fundamental concepts of Multics, having to do with reliable,
auditable, error-recovering, protected, mostly uniform system
based on a core flexible reference-monitored dynamically
linked large-address space backing-store model
I think they only "ported" the vaguest of ideas, infinitely far
from anything that I would use the word "port" to describe,
particularly in the context of a discussion about patents.
As for whether UNIX was a "reaction" (I am implying a negative one)
to the ideas in Multics, you might ask yourself why those guys left
the Multics project early on. I don't mean to suggest that they
thought the Multics ideas were not worthwhile. But the answer is
at least in part because the concepts in the system were not leading
to a computer system that was viable in their context of interest.
That is, those concepts were too expensive for the kind of computer
systems they wanted. Specifically, underpowered minicomputers of
the day, which is what became available to them back at Bell Labs.
(In those early days, Multics wasn't even viable on a large computer,
and was viewed in some respects as a failure!) UNIX was a very
different overall design using very different concepts, carrying
over none of the fundamental Multics mechanisms.
I would be interested in how Multicians view UNIX as a port of Multics.
If you're just appealing to authority by invoking the early designers,
pleas esee also (in Google) where Dennis Ritchie's responds to my
observations about the fundamental differences in the core concepts
of two systems by seemingly agreeing (and amplifying, with words
like "fairly radical difference".) However, Ritchie and others do
consistently cite Multics as having inspired many things in UNIX.
But not "port".
Certainly the UNIX inventors were inspired by Multics, and they
learned a few things from Multics, as did many other computer
operating systems. Windows NT might have more similarities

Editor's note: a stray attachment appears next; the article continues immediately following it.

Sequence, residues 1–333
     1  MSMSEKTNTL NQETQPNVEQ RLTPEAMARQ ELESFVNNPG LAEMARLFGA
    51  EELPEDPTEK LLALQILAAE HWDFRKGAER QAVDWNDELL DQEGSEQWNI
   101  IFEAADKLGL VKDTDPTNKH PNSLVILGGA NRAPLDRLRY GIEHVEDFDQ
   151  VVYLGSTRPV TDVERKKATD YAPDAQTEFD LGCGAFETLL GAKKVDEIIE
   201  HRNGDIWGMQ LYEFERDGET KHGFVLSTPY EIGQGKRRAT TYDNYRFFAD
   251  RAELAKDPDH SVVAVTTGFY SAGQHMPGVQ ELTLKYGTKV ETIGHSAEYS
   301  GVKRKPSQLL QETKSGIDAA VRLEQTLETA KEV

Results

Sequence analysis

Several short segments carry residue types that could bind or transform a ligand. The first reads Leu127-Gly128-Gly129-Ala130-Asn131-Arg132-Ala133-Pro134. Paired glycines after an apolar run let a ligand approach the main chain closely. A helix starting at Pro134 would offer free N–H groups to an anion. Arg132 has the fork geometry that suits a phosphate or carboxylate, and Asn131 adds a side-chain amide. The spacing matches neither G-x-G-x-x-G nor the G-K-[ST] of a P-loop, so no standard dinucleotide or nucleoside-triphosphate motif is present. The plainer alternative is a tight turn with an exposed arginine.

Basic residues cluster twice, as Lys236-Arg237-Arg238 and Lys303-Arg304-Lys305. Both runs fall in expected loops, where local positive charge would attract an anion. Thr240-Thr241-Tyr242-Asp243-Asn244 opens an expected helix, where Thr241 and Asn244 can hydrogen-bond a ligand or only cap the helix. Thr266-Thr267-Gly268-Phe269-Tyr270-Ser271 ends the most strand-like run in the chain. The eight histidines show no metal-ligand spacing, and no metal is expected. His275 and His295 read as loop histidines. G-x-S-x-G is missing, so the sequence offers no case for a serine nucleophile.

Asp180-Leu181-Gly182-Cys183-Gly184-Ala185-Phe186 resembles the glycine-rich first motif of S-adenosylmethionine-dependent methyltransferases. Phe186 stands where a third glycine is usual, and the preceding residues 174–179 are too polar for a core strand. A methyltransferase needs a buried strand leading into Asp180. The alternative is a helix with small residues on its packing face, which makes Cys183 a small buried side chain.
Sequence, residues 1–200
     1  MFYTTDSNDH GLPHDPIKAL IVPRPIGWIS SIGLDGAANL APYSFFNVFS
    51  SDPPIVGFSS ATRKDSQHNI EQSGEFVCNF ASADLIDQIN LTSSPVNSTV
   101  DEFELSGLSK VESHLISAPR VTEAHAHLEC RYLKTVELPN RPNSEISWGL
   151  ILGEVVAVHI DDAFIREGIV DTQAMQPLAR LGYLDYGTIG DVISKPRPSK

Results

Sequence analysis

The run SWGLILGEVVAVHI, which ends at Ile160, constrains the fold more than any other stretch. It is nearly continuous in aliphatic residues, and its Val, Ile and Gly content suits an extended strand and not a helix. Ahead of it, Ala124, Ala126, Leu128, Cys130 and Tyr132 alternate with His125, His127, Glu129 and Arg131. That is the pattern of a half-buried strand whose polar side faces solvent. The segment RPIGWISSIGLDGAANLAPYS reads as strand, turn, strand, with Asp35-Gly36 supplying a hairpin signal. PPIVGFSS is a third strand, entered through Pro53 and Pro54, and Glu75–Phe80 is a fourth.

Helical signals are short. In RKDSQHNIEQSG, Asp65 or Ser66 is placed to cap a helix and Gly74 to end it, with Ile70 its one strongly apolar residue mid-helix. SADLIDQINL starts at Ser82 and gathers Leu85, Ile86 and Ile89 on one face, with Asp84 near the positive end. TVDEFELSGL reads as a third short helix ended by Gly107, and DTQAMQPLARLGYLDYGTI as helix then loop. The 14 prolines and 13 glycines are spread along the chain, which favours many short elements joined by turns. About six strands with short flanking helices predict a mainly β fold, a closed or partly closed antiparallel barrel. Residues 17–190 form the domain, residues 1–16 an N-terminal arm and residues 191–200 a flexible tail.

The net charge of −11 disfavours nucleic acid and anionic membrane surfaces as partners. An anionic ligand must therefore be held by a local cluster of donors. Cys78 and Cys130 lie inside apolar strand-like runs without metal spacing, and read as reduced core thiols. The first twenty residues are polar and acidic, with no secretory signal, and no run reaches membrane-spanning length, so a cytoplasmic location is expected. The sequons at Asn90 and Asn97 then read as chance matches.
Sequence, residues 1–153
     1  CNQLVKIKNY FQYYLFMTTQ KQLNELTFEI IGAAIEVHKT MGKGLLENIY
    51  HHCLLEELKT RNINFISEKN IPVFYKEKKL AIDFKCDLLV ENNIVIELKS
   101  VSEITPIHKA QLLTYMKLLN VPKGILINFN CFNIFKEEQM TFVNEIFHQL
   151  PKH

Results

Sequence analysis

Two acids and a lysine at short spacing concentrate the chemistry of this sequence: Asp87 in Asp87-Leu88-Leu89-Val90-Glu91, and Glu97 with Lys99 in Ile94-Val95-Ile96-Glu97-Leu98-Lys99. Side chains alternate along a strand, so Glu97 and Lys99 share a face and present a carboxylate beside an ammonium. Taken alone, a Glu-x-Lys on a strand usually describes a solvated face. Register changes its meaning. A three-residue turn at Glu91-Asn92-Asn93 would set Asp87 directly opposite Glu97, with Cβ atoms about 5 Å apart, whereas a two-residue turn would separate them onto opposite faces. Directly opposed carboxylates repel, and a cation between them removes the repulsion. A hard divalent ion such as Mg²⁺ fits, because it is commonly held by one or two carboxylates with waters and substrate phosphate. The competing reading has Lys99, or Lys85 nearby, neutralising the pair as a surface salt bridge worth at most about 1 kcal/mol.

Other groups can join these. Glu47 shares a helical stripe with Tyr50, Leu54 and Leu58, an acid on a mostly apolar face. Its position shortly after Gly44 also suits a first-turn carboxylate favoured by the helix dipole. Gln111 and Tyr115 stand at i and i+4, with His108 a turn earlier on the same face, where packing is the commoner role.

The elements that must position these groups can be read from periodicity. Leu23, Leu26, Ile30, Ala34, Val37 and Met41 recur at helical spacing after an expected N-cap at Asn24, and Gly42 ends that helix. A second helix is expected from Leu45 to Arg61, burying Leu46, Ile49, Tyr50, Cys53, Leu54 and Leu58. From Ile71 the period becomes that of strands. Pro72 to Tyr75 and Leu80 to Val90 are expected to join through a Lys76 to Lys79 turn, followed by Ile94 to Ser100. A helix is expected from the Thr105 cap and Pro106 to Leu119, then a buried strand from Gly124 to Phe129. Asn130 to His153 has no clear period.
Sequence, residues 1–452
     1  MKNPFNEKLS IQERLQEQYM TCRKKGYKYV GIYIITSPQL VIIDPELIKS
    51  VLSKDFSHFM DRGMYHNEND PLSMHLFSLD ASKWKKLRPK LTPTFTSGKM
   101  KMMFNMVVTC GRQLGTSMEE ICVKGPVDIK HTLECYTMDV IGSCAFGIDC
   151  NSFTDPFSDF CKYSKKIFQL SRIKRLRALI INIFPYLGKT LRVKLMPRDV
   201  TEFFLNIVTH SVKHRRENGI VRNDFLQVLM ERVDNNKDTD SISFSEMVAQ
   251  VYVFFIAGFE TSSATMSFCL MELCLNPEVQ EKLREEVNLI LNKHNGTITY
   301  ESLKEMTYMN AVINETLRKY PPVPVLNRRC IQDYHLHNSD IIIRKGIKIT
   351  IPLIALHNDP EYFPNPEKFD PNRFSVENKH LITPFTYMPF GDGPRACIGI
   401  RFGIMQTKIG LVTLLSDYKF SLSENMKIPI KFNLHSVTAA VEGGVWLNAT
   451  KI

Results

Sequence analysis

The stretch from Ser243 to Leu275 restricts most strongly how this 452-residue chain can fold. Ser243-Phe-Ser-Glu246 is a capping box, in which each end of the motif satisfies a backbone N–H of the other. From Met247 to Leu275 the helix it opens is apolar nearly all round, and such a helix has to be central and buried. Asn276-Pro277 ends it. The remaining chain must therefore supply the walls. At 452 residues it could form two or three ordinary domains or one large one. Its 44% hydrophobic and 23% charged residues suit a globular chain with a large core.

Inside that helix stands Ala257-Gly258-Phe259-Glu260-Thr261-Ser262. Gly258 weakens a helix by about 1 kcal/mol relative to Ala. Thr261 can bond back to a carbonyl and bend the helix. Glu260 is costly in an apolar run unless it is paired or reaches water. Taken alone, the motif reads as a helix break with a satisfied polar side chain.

to Multics than UNIX does, but nobody tries to claim that it's
a port of Multics. Many of the concepts and ideas in operating
systems today came from CTSS, predating Multics, but we don't
say that those systems are a "port of CTSS", either.
I think that Multics people like to claim UNIX as a descendent mostly
so that they can feel that their beautiful life's work was not all
sadly pissed away in history by unfortunate Honeywell business decisions.
This is reinforced by the UNIX inventors citing their experience with
Multics as inspirational. And most UNIX folk today are entirely ignorant
about Multics, but have heard that is was somehow important and good,
and they would like to claim that therefore UNIX has some of the same
design goodness of Multics. There have been other operating systems
(unrelated to UNIX) that actually did use some of the Multics ideas,
but none of them caught on in the mainstream, either. Perhaps Multicians
would be better off nursing their feelings by recognizing that most things
that are popular are actually terrible crap, while Multics was much better
than most systems that have been invented over the subsequent several decades.
But any technical arguments you might have about how UNIX is
a port of Multics would be welcomed with great interest.